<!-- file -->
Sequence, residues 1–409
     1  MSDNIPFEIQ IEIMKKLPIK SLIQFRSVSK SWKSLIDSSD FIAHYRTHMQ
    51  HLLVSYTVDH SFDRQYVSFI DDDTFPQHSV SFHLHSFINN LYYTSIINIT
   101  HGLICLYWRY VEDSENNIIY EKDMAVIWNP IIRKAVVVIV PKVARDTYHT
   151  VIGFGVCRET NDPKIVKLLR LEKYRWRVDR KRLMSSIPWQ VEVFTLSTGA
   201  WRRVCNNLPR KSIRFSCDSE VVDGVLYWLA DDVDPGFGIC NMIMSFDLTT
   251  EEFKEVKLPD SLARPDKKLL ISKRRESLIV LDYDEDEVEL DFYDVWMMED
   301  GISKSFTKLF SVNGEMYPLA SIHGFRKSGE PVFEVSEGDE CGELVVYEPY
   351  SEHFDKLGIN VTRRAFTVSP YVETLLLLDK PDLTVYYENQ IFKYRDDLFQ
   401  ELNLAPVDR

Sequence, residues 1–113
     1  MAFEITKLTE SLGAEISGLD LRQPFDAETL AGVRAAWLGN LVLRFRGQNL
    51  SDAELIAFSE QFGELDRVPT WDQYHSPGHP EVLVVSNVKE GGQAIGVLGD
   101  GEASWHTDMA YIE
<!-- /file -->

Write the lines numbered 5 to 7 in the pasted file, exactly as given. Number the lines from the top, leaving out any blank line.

   151  VIGFGVCRET NDPKIVKLLR LEKYRWRVDR KRLMSSIPWQ VEVFTLSTGA
   201  WRRVCNNLPR KSIRFSCDSE VVDGVLYWLA DDVDPGFGIC NMIMSFDLTT
   251  EEFKEVKLPD SLARPDKKLL ISKRRESLIV LDYDEDEVEL DFYDVWMMED